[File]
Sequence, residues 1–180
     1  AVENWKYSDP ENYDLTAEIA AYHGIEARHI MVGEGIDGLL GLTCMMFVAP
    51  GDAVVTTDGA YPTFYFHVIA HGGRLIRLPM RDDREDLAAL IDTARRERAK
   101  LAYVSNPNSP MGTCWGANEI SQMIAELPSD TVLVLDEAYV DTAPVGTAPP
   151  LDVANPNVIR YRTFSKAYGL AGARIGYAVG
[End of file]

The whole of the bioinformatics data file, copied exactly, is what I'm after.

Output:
Sequence, residues 1–180
     1  AVENWKYSDP ENYDLTAEIA AYHGIEARHI MVGEGIDGLL GLTCMMFVAP
    51  GDAVVTTDGA YPTFYFHVIA HGGRLIRLPM RDDREDLAAL IDTARRERAK
   101  LAYVSNPNSP MGTCWGANEI SQMIAELPSD TVLVLDEAYV DTAPVGTAPP
   151  LDVANPNVIR YRTFSKAYGL AGARIGYAVG